I have an embarrassing confession to make. Part of my brain has a knee-jerk skepticism about big animated films out of a stubborn conviction that they’re all the same. This animation-averse part of my psyche makes a lot of assumptions about animated films. It assumes they’re all loud, flashy, filled with inane pop songs and wall-to-wall pop-culture references, and generally involve superheroes, princesses, or anthropomorphized animals with unusual aspirations. You know the sort: cheetahs that want to become championship limbo dancers, or squirrels that want to pull off a daring heist, or walruses that are curious about pursuing careers as notary publics. Lastly, these big animated films generally make hundreds of millions of dollars internationally, whether or not anybody likes them. Like Marvel movies and other such monoliths, they’re almost too big to fail.
This conviction that all animated films are fundamentally the same is ridiculous, of course. There’s infinite variety in animation, a wonderful and diverse art form that encompasses everything from the homemade transgressions of Ralph Bakshi to Richard Linklater’s trippy explorations of the wonders and horrors of the human mind to Hayao Miyazaki’s surreal fairy tales. Yet it sure can feel like the really big animated movies, the ones that make billions of dollars and flood the culture with ancillary products and colonize children’s imaginations, feel suspiciously alike, especially those released by DreamWorks.
My belief that big non-Pixar animated movies are all the same is a massive generalization, and like most generalizations, it’s unfair and untrue at best, and obnoxious at worst. Yet it isn’t entirely unwarranted. When I assume all big animated movies are the same, and that they’re all hot garbage, I am thinking rather specifically about Shark Tale, the ninth highest grossing film of 2004, which made more than $350 million worldwide. Even more remarkably, the film was nominated for an Academy Award for Best Animated Feature. It says much about the extent to which animation has exploded in the last 10 years that Shark Tale could earn an Oscar nomination in 2004, while last year, even the rock-solid, extremely commercially successful Monsters University, from Pixar, the studio that pretty much owns that category, wasn’t even nominated.
Shark Tale epitomizes everything that’s bad about big-budget, mainstream animation, particularly its obsession with star-power. Movies like Aladdin and Shrek benefitted tremendously from the famous voices in their casts, but Shark Tale takes celebrity fetishization a step too far by featuring characters that don’t just boast the voices of some of the biggest movie stars in the world, they look and act like the celebrities voicing them as well.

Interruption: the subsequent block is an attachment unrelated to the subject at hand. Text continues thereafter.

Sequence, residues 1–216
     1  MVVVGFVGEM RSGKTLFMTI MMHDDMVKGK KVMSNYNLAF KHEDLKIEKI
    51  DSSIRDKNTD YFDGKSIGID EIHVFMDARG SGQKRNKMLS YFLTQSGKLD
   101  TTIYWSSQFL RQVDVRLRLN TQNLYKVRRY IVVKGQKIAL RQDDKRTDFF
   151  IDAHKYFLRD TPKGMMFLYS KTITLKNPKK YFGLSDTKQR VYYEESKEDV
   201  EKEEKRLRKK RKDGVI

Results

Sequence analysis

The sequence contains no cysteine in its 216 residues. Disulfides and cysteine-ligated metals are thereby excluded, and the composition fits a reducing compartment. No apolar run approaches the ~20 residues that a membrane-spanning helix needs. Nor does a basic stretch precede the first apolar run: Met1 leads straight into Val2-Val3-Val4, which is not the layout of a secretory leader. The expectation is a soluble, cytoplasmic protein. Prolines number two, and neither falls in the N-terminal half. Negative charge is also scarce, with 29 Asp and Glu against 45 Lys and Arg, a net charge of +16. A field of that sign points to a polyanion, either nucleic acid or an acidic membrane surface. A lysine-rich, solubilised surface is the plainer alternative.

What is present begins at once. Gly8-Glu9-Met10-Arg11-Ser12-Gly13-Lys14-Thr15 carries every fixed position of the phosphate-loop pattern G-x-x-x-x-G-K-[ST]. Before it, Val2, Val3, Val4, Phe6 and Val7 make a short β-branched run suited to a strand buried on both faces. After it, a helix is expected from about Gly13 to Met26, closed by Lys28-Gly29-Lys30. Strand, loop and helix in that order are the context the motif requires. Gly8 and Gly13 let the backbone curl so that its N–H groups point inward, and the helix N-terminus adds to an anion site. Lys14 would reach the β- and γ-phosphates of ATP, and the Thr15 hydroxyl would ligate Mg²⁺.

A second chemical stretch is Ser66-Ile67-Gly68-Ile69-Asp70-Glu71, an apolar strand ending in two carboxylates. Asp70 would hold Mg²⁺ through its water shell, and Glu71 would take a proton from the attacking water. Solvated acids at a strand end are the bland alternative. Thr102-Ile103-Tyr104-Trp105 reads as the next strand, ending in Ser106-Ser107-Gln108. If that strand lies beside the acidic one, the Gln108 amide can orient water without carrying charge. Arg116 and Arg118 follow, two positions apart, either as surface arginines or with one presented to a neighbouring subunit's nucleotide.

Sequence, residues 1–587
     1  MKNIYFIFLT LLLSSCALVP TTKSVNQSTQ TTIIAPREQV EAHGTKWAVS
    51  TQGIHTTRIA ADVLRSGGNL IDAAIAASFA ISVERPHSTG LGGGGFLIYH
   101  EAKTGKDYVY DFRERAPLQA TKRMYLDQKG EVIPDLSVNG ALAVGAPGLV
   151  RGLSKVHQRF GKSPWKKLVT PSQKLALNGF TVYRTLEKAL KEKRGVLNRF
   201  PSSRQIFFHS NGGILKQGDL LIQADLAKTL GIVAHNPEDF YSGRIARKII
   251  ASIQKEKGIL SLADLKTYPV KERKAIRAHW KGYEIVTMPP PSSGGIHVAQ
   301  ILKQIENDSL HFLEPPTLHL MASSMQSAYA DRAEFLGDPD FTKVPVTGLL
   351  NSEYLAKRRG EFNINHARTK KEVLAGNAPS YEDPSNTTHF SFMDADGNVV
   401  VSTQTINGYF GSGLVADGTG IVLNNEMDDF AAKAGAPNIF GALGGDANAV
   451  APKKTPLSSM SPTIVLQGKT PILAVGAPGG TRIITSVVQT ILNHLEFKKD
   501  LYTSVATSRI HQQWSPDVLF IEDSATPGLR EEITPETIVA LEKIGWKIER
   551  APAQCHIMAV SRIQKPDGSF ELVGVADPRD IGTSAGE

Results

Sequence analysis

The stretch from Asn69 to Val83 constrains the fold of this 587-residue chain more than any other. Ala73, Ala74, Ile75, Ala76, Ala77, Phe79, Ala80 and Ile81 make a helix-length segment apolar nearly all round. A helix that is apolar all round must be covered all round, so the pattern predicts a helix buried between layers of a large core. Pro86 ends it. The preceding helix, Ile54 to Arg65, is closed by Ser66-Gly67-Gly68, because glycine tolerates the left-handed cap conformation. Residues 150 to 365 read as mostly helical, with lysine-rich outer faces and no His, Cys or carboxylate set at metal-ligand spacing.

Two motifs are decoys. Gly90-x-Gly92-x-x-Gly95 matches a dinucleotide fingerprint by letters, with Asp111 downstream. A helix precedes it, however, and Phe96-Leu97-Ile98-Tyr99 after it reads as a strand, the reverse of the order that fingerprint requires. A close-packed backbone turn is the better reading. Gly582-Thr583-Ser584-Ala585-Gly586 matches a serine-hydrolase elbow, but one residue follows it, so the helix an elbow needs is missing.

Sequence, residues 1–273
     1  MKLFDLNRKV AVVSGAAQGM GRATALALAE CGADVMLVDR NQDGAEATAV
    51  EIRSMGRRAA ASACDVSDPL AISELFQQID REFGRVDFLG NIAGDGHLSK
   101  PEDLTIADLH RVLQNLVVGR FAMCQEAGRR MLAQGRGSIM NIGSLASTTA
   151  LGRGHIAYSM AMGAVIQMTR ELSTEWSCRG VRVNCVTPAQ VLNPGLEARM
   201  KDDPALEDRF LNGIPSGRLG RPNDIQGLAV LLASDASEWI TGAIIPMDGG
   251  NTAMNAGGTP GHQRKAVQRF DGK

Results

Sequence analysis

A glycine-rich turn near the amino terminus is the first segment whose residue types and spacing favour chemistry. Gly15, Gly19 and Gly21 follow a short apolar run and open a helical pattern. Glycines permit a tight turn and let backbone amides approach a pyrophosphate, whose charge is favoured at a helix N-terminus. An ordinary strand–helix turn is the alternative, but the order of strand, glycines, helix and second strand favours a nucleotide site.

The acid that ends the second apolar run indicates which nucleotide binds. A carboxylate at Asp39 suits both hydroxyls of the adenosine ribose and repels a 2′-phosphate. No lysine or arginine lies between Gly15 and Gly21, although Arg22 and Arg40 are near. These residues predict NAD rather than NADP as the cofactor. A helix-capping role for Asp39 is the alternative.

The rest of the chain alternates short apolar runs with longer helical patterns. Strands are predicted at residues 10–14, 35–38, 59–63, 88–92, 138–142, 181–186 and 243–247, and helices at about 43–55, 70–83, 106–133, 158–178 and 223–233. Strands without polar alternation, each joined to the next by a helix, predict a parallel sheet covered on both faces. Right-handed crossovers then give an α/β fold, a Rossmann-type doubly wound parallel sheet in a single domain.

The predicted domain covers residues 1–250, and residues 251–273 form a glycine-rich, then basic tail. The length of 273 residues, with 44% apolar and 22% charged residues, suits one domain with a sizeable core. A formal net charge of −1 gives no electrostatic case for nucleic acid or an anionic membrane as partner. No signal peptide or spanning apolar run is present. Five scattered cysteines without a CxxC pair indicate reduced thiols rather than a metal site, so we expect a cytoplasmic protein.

On some level, this was a matter of maximizing an investment: Shark Tale was paying lavishly for a few days of Will Smith or Robert De Niro’s voice acting, so it might as well appropriate their images and histories as part of the deal. And it didn’t stop at Smith and De Niro; Jack Black, Renée Zellweger, Angelina Jolie, Peter Falk, Vincent Pastore, and Katie Couric all voice marine-life versions of their public personas in Shark Tale. So the film’s protagonist is a bluestreak cleaner wrasse named Oscar who is also, on some level, Will Smith, or at least the filmmakers’ conception of him. This raises a pertinent question: Who is Will Smith?
For a man who’s been as famous as anyone can be in our society for more than a quarter-century, who has spent his entire adult life in the glare of the brightest spotlight, we know precious little about Smith. He’s a clean-cut, freshly scrubbed all-American icon of assimilation and upward mobility, and also a complete cipher. While still a teenager, Smith played a huge role in the mainstreaming of hip-hop before more or less abandoning the genre to become a television star, then a massive movie star and respected dramatic actor who’s been nominated for Academy Awards twice. At the same time, I have no idea who Smith really is, though the fascinating glimpses into his psyche provided by his flirtations with Scientology and his joint interviews with his son suggest that he’s insane.
Shark Tale doesn’t really know who Will Smith is, either, so it reduces him to his earliest, most facile incarnation. Shark Tale didn’t need Will Smith, world-conquering superstar, for the lead voice role; it only needed The Fresh Prince. Hell, it didn’t even need all of the Fresh Prince’s aspects—the ones who battled Mike Tyson, or bemoaned the lack of empathy habitually illustrated by parents. It didn’t even need the Fresh Prince of The Fresh Prince Of Bel-Air. All it needed was The Fresh Prince from the opening credits sequence.